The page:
FROM Neela Banerjee
Did Exxon Deceive the World about Global Warming? For decades, scientists at Exxon knew the Earth's climate was warming, and the oil giant made business decisions based on their predictions. But in 1990, the company began funding deniers of climate science, and their reports persuaded policy makers to resist limits on the burning of fossil fuels. Now, Exxon's accused of deliberate deception for profit — leaving the world less prepared than it might have been for oncoming disaster. Democrats and activists want an investigation of fraud — but there's a problem. The records are an open book. Exxon never kept anything secret.
The Keystone Pipeline Has the President Caught in the Middle While actress Daryl Hannah and Sierra Club officials were committing civil disobedience outside the White House last month, the AFL/CIO was holding a conference call with the American Petroleum Institute . It was Hollywood and the environmental lobby versus organized labor, two major elements of President Obama's political coalition on opposite sides of the burning controversy over the Keystone XL Pipeline . The President's promised he'll make the final decision on whether oil from Canadian tar sands can be piped to the US for refining and export. One top scientist says the project's increased carbon emissions will mean "game over" for climate change. But the State Department says if there's no cross-border pipeline, Canada will find other means of transportation so Keystone won't matter. Organized labor sees thousands of jobs. We look at the President's options. Forward on Climate Change Energy Citizens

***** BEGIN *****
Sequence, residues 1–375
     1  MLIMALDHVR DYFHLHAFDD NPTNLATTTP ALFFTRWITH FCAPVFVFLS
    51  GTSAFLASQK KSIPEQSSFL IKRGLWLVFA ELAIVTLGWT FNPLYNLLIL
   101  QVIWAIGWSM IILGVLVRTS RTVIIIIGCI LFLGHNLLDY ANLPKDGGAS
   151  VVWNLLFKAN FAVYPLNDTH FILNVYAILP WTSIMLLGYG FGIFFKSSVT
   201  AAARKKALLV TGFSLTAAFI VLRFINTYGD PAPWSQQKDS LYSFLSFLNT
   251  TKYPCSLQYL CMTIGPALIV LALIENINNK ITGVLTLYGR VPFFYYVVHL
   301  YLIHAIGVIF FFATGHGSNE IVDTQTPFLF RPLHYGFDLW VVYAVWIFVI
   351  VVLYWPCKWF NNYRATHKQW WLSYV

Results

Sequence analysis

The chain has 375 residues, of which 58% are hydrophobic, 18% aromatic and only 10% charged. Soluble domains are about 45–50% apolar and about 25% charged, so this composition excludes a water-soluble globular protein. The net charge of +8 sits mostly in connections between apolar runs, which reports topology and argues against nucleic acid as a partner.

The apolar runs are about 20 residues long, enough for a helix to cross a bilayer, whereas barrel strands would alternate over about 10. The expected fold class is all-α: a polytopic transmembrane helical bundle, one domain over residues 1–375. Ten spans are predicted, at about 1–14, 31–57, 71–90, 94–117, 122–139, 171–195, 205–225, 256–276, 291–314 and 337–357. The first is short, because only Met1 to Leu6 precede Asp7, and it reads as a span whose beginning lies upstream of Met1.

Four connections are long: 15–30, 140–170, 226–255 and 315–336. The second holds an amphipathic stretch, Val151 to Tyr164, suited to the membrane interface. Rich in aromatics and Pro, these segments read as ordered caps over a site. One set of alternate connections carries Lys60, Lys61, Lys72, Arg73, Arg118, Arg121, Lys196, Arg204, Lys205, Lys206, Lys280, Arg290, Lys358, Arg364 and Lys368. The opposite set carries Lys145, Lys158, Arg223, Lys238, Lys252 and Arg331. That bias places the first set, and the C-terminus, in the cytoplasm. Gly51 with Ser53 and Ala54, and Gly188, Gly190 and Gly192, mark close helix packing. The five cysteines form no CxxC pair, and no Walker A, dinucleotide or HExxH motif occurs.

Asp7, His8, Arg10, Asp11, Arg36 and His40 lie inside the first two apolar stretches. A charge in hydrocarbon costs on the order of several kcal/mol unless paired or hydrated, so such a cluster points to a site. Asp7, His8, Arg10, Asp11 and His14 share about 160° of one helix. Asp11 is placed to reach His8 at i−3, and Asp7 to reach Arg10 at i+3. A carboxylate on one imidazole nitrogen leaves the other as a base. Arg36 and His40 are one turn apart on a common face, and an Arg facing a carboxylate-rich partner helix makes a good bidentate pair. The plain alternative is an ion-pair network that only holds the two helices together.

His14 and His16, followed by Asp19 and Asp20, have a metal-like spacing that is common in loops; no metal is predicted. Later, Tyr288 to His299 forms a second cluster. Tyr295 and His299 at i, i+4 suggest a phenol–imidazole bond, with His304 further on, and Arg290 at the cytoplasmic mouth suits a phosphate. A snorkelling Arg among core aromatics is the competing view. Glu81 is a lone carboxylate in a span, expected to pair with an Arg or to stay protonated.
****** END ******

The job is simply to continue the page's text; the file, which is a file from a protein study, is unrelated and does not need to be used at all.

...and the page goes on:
Romney's Climate Change About-Face When it comes to the environment and climate change, presidential candidate Mitt Romney has been saying what tea party activists want to hear: no mandates, taxes or regulations that interfere with economic activity. But, based on his actions as Governor Massachusetts, tea party activists wonder what he might do if he were elected president. That's according to Neela Banerjee, writing in today's edition of the Los Angeles Times .
America's top diplomat faces challenges in Asia Whatever happened to America's "pivot to Asia?" That's just one of the questions left hanging since Rex Tillerson's first trip there as Secretary of State. Is the Trump Administration hoping to change Foreign Policy or maintain the status quo?
Nationalism's appeal on both sides of the Atlantic Nationalism, Populism, concerns about immigration and outright racism are part of election campaigns from the US to Europe. We hear how today's election in Holland reflects the recent past and may forecast the future.
Getting answers on phone taps, Russia and leaking The Directors of the FBI and the NSA testified on Capitol Hill today there's no evidence for President Trump's claim he was wire-tapped by former President Obama. We'll hear about that and the investigation into Russian tampering with last year's presidential campaign.